Thursday, April 07, 2005


UHJ Letter: capital.punishment.html


Secretary General
Amnesty International

Thank you for advising us of the campaign that Amnesty International is launching on the subject of the death penalty and for your invitation to express the views of the Baha'i International Community. As capital punishment is a subject that is dealt with explicitly in the Baha'i Scriptures, we feel that we can best respond by sharing with you the attached copy of a statement we have recently drafted, elaborating the relevant principles as we see them. We hope that this is of assistance.

The past two or three decades have seen a growing trend in many countries to re-examine the question of capital punishment. In the view of the Baha'i community this discussion is a development much to be welcomed. It is clear from contemporary reports in the media, together with submissions made by such responsible agencies as Amnesty International, that the way in which civil authorities in a number of countries are using this most serious of punishments can in no way be reconciled with the principles of the United Nations instruments to which the governments of those countries have subscribed. In yet other jurisdictions, disproportionately high percentages of persons representing ethnic minorities among the executed raise disturbing doubts of yet another kind. Nor can one be indifferent to the body of evidence suggesting that, in a great many cases, capital punishment is accompanied by conditions that impose an unnecessary and unacceptable degree of suffering.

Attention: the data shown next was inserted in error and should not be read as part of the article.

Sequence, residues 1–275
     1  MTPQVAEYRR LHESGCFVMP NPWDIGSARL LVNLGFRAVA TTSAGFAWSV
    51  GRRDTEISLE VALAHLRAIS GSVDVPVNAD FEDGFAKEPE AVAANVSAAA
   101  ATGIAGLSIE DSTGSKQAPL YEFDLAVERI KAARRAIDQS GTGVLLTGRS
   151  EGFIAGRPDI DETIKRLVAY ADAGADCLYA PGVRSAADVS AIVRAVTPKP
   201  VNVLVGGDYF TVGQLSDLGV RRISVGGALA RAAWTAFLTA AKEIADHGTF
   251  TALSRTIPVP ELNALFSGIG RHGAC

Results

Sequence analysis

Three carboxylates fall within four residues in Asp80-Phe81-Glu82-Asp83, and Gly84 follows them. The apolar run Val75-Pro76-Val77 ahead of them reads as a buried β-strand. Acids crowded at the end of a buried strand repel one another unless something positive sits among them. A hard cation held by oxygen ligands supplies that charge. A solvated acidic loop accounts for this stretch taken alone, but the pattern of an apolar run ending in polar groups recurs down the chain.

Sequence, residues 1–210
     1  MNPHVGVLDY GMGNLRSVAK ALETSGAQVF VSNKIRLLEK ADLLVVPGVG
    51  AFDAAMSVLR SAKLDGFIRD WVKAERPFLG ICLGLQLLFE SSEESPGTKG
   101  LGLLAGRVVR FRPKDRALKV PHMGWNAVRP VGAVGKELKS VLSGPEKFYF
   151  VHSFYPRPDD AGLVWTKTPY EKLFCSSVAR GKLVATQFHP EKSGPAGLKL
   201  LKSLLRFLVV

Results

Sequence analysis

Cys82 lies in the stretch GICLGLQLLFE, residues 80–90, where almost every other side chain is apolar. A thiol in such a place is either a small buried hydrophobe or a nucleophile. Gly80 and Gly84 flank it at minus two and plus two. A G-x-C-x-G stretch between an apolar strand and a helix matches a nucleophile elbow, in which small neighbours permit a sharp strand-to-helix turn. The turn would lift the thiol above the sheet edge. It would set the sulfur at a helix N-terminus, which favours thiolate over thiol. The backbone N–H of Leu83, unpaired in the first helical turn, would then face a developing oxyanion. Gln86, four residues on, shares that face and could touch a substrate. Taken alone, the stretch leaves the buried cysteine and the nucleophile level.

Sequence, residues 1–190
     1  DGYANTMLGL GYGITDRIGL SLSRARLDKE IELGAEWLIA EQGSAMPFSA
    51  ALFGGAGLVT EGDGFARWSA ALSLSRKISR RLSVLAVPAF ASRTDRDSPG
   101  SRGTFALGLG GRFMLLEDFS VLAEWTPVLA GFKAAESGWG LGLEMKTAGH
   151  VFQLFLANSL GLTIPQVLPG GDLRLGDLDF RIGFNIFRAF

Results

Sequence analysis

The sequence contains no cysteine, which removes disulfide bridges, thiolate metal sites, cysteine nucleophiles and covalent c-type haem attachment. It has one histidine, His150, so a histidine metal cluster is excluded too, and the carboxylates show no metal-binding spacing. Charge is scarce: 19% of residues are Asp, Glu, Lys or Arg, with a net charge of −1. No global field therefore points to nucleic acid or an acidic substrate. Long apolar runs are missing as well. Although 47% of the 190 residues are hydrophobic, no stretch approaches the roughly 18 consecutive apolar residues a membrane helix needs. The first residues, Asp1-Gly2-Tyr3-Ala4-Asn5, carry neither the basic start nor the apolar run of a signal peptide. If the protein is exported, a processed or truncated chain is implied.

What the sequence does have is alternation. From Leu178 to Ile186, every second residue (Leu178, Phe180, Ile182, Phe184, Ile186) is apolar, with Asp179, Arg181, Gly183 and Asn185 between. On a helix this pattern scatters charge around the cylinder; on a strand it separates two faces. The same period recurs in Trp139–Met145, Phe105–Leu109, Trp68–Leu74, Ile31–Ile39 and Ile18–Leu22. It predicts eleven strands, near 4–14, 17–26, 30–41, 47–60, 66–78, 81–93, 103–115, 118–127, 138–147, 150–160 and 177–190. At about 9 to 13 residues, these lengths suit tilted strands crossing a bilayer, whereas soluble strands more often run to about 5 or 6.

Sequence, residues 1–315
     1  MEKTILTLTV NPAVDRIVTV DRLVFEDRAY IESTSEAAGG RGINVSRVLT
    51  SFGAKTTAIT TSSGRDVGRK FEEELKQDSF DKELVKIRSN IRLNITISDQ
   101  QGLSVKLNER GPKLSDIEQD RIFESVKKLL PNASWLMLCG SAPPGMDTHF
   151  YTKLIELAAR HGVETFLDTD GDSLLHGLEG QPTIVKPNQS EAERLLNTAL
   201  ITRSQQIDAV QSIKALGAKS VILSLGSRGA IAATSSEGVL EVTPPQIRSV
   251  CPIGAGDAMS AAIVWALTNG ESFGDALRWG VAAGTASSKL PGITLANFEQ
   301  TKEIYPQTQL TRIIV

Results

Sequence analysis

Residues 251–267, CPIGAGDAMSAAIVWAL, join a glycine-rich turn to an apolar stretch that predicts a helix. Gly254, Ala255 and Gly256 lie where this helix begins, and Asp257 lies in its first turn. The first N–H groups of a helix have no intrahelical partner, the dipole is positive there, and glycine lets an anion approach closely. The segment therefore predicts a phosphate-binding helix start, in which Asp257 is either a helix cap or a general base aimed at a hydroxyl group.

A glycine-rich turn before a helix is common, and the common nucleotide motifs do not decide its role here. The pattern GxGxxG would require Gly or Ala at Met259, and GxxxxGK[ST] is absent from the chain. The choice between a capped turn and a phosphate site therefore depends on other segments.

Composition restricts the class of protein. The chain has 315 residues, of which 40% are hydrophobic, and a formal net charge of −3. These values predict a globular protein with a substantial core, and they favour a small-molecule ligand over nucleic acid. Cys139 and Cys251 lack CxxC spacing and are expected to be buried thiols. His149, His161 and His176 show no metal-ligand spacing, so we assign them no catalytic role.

It is now generally accepted that society's most powerful instrument in influencing behaviour is education. The same age that is witnessing the inexorable unification of the human race and the emergence of something that may reasonably be termed a universal conscience, also finds itself possessed of an understanding of human nature not available to previous civilizations. For the past several decades the social sciences have made steady progress in exploring the roots of human motivation and in developing educational measures designed to tap this immense resource. If the results still fall far short of the ideals that have impelled the research, this in no way calls into question the potentialities of the educational process nor casts doubt upon the premise that it represents humanity's best hope for a peaceful and orderly world. It reflects merely the human race's continuing attachment to political, racial, and sectarian prejudices that confuse the goals and severely limit the context within which the educational process must seek to do its work.

To continue

Thursday, February 12, 2004

SET COUNTER 900 12 FEB 2006